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Designing a better PBEM

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Not many people play Play By Email games anymore. It seems as though this age of high-tech computer graphics has smacked the gaming world in the face. I''ve been wanting to write a PBEM for a long time now, ever since I started to play diplomacy, risk, and HOMM3online. The games were fun, and highly addictive (to me). Now, what did they have? Player interraction. You could contact anyone you wish. if you wanted to call the President of Germany and propose an alliance, you could. If you wanted to move troops to the border of Siberia and propose that they surrender or join your military, you could. If you wanted to go to defcon 2 and start the nuclear launch sequence and scare the small Russian army in Bolivia that you mean business, you can. I always loved the negotiational part of PBEM''s. It has a lot to do with real role play. Because if you think about it, assuming a role like a leader of the military forces of a country sort of gives you a feeling of dominance (something we all strive for, no?) What the games don''t give you is graphics. I don''t need them, personally, because usually the leaders of the forces aren''t on the front line anyway. Anyway, I was thinking of a world-domination type of game, through the use of diplomacy and military strategy you would control the most resources to construct an army, whether military or diplomatic, and take over the world. Now I''m having trouble with what sort of things the players would be allowed to have. Should it be small like Risk? Where you simply construct armies and go attack? Or should it be more like real life, where you can train tank platoons, jets, bombs, missiles, subs, aircraft carriers, etc... Anyway, just your two cents would be nice. Thanks. ~Dwarf

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Guest Anonymous Poster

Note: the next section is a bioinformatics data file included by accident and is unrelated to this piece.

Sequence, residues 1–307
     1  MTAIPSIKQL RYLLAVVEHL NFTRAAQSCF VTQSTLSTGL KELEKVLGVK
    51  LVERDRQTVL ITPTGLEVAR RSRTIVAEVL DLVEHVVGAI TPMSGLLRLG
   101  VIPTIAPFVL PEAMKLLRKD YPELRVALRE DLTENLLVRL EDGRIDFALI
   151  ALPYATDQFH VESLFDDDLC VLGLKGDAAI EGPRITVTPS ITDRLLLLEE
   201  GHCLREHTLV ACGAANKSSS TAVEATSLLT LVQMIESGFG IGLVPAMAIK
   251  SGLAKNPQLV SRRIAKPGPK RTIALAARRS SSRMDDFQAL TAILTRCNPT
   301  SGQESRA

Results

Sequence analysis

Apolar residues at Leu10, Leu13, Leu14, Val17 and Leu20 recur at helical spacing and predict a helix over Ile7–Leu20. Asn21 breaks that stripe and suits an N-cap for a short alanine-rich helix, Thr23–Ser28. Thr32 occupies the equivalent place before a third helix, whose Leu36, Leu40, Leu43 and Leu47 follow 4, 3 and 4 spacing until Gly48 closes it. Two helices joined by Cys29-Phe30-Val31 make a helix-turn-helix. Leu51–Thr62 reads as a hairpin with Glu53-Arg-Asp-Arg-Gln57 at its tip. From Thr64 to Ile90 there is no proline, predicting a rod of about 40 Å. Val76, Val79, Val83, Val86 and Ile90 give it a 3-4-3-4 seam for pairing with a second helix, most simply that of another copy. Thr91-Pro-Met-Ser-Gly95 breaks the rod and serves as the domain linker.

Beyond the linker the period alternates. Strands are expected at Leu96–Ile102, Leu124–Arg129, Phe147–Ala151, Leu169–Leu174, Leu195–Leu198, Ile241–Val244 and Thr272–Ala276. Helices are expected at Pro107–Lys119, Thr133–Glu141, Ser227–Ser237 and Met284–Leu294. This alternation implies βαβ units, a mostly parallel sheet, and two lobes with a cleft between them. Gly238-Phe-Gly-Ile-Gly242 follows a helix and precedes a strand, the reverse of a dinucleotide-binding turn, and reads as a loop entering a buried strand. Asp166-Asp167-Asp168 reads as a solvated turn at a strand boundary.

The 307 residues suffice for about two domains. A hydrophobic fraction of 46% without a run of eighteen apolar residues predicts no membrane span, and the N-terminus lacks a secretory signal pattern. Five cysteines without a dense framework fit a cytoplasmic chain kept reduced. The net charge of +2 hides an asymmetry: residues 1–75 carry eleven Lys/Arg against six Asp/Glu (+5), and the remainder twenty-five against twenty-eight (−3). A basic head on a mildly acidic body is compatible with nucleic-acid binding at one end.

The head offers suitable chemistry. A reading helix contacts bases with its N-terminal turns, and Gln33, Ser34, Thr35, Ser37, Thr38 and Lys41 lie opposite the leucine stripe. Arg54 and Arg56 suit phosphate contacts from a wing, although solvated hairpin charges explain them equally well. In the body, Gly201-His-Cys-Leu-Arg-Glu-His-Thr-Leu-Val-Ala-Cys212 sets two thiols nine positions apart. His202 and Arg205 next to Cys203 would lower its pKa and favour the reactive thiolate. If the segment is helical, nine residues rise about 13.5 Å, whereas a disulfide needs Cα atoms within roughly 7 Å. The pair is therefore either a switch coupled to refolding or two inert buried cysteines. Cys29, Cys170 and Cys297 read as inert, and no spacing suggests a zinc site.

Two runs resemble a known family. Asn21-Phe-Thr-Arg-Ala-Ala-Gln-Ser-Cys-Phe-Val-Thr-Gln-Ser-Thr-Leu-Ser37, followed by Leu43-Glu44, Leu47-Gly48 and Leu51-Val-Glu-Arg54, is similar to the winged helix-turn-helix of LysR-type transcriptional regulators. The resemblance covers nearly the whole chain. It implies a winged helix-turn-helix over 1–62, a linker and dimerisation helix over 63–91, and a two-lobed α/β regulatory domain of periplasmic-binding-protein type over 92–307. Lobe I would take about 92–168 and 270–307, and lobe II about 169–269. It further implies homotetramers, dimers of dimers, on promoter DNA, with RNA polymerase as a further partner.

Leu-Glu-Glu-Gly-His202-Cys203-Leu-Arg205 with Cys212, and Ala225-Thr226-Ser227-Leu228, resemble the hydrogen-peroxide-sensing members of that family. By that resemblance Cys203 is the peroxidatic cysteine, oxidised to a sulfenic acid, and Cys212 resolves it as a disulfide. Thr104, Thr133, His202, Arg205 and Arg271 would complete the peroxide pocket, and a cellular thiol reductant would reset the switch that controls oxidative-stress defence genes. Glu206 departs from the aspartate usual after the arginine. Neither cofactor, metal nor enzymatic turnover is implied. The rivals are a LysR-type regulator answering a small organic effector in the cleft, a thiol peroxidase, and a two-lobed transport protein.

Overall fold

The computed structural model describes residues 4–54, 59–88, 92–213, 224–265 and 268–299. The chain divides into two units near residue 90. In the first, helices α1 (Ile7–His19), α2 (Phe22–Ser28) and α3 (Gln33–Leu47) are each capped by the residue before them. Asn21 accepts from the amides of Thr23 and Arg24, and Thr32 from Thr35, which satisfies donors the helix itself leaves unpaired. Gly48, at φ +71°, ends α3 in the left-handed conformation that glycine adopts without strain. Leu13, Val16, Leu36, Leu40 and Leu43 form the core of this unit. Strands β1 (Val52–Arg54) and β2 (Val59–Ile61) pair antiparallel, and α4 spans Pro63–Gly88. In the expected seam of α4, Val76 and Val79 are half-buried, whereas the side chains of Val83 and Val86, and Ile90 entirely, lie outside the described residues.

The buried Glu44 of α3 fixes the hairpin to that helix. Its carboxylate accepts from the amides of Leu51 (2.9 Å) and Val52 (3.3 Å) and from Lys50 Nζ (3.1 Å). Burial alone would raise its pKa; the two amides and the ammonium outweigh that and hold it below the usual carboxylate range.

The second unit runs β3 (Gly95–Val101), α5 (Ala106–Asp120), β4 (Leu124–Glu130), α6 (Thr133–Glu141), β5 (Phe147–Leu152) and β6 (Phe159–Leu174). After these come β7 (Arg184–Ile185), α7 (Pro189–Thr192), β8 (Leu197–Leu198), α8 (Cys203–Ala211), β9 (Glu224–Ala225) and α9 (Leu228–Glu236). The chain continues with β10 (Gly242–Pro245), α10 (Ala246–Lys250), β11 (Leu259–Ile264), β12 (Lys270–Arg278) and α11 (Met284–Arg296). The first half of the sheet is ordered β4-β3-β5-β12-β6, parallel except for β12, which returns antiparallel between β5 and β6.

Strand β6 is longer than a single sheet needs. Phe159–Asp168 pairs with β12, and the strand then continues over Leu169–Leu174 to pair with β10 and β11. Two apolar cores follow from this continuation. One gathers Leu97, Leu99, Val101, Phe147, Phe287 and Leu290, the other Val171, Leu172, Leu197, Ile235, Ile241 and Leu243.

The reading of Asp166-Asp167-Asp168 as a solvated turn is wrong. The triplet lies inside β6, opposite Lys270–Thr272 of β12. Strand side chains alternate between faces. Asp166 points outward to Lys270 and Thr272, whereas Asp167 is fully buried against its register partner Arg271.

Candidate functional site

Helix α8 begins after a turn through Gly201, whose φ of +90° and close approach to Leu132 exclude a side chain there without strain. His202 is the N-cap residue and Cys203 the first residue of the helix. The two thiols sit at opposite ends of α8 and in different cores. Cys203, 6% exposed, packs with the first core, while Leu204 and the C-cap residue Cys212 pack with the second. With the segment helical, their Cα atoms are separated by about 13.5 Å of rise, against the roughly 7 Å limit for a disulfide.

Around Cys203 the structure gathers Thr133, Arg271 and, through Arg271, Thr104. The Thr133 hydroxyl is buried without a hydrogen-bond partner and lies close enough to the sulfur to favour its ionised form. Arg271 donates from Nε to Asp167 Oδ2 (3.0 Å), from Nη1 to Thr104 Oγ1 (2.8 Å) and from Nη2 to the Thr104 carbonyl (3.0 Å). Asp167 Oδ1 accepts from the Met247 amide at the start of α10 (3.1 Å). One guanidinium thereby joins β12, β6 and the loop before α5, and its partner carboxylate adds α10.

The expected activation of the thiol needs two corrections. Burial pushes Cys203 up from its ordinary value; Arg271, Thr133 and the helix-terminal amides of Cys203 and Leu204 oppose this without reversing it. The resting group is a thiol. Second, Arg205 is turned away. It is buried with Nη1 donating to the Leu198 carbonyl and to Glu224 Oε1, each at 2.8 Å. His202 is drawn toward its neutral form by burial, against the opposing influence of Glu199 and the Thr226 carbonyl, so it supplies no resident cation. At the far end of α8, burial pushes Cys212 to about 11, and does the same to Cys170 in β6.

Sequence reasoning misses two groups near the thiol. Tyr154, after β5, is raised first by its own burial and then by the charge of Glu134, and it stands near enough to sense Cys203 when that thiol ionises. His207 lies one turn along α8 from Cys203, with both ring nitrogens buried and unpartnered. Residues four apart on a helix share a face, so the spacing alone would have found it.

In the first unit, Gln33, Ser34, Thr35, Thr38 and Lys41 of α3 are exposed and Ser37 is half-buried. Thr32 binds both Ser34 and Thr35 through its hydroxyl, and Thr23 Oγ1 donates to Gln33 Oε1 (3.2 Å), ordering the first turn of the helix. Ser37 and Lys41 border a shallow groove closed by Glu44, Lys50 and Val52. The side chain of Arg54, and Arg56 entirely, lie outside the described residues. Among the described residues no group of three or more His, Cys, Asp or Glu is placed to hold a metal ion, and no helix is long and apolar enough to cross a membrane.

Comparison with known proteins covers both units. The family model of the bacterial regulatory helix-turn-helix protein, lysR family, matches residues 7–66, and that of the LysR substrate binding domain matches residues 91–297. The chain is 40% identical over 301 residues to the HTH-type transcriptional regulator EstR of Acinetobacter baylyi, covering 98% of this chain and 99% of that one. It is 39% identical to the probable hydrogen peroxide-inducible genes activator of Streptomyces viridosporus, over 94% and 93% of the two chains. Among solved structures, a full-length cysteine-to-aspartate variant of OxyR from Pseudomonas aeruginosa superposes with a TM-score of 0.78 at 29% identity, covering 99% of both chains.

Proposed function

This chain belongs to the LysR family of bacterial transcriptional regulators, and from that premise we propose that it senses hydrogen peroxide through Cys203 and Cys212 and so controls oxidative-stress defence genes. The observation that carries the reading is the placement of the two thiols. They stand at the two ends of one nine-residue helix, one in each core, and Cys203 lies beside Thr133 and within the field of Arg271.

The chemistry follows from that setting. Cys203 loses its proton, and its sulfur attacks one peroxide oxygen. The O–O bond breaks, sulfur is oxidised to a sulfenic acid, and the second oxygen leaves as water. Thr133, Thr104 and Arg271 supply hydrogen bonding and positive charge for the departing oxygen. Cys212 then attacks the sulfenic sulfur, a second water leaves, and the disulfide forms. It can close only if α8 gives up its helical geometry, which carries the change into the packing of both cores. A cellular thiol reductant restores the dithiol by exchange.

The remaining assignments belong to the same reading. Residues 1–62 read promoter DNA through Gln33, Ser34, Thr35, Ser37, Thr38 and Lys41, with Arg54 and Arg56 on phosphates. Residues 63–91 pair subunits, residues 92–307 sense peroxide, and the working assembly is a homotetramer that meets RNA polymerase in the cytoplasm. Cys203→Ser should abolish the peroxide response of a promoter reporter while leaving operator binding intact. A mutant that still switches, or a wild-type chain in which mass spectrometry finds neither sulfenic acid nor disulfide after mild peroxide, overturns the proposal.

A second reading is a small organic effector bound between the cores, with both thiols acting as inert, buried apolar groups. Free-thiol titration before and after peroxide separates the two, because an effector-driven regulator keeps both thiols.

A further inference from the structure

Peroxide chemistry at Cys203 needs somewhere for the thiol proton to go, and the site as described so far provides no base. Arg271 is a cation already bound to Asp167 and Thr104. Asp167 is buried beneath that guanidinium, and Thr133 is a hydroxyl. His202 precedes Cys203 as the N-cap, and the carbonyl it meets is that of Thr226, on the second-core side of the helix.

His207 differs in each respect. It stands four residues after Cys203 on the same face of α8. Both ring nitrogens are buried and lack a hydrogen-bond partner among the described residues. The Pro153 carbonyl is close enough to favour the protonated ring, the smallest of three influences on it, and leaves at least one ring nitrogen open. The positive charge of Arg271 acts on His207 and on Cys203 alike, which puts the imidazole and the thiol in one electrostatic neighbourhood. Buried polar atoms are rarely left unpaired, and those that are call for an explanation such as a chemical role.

I think PBEM is slowly being taken over by PBW (play by web). Web-page based turn-based games have the benefit of a user interface and accessibility from (generally) anywhere.

I used to have links to a couple that were pretty cool - maybe I''ll dig them up again...

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Ever play the one where your a pimp and you have hoes and sell crack and do home invasions on your rivals? You can jack somebodies ride... Drug Lords was the name. You only had so many action points per day, you could put a hit out on someone, buy more crack so you could keep more hoes around to make more money to hire thugs, it was great fun, all on your web browser!

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I believe there was a discussion of what games would work/sell best in the emerging mobile (cell phone, pda, blackberry) market a while ago, do you think this would apply there (Doesn''t require realtime reactions, doesn''t need fancy graphics, encourages player-player interaction [text messaging])?

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I tried designing a PBEM game once but I''m sure I''d be embarassed by it if I found the rules page again... of course, I think part of the reason it never got off the ground was that I didn''t have any good way of advertising it. It kinda interests me, so I''ll post here again a little later (my sister needs the phone or something) or we can discuss it via email if it doesn''t get much interest here.

As for the PBW games AP mentioned... two I like/d were Archmage (http://archmage.magewar.com) and Circle of Darkness: Arena (http://arena.idiotworld.com).